That will one day cause Germany to suffer dearly. Once our broad population becomes aware of the hideous anti-americanism practised by the majority of Germans, the Americans will definately rally around the flag and start returning fire with fire. So far there isn't much reporting on German behaviour against the US, just hope i stays tht way. The reverse won't be pretty.

I see SPON has put the whole WSJ article up on its site. A translation check would be interesting. The virtuous indignation meter must be going off the charts at the SPON forums. I can't bear to look!

@Querdenker
>> It is wrong

Sometimes yes, sometimes no.
They murdered a U.S. hostage today.

I his life could have been saved by waterboarding a jihadi or two, I have no problem with it.

I think one has to consider intent.

If I had to waterboard half the Islamists on the planet and shit-can the other half into the same hole currently occupied by Noriega in order to prevent an attack on, say, Germany? Go for it.

Not France tho'.

And I also am a bit surprised that you treat allegations of torture as proof thereof.

@Querdenker: You might as well give it up. No one in America cares what Europe thinks anymore. You're just wasting keystrokes.

Quer-denker(?)

You sure don't seem to be doing too muck denken. It's clear that you are in the category "Kein Krieg, nirgends" when it comes to torture, and all you do is nitpicking, not talking substance.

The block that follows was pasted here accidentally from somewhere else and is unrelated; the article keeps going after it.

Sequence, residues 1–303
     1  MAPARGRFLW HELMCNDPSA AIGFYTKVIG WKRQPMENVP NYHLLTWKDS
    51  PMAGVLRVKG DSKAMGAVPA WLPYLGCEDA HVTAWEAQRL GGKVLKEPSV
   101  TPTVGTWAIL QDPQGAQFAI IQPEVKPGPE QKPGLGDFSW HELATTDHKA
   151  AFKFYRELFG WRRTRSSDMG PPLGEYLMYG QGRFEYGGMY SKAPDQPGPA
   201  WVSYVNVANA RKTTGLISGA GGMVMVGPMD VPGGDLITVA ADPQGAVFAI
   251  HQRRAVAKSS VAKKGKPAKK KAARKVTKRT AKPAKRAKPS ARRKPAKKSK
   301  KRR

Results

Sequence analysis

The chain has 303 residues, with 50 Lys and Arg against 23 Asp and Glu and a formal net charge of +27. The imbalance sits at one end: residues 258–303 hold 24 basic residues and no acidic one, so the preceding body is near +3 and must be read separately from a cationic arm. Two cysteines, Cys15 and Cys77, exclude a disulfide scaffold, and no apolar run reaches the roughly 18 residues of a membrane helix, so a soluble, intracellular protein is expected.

Anyway, I am willing to waste a small portion of my time to answer you.

As for your "high value targets", who's to decide on that one?

Not you, not me, the people who have the prisoner. If he is known to be a top guy, I repeat, if it is known that the prisoner is say, Ahmed, a high ranking terrorist, then he is a high value target. If he is just some Ahmed picked up on a street with an AK-47, or maybe even distributing AK-47's, then he shouldn't be tortured just because he might be someone who might know something.

This distinction is actually, in most cases, quite easy to make, but as long as there will be no open debate because of noise like yours, the limits will be unclear and the door for lax use of torture remains opens. That's why people like you not only don't stop use of torture, but in a pervert way you keep the issue open.

And as for the "normal" times, when have we ever lived in those? During the Cold War where we faced nuclear annihilation within 10 minutes notice? When will we ever live in "normal times"?

Sorry I assumed you're intelligent enough to realize that when I spoke of "normal times", I didn't mean some biblical paradise, but a time when democracy is not under attack. My bad, I overestimated you and I won't make that mistake again.

And does the law only apply in normal times?

Again, sorry for overestimating you. Certain laws do not apply during war times (unless you're a completely hopeless idiot who thinks that all soldiers should be convicted of crime).

Listen, we could talk about it forever (I bet you would love that). The fact is that it is war and some prisoner enemies are known to have a lot of vital intel because of their position. Those and only those prisoners should be subjected to torture.

Let's be clear here: if the terrorists attacked only soldiers and military objectives, I would oppose torture in 99.999% of the cases. Period. As long as they target civilians in Iraqi and US cities, high ranking terrorists are open season.

P.S. Sorry for all the bold and italic, but Quer-denker(?) needs it, even though it doesn't help him a bit.

@americanbychoice

You know that "if it walks like a duck... etc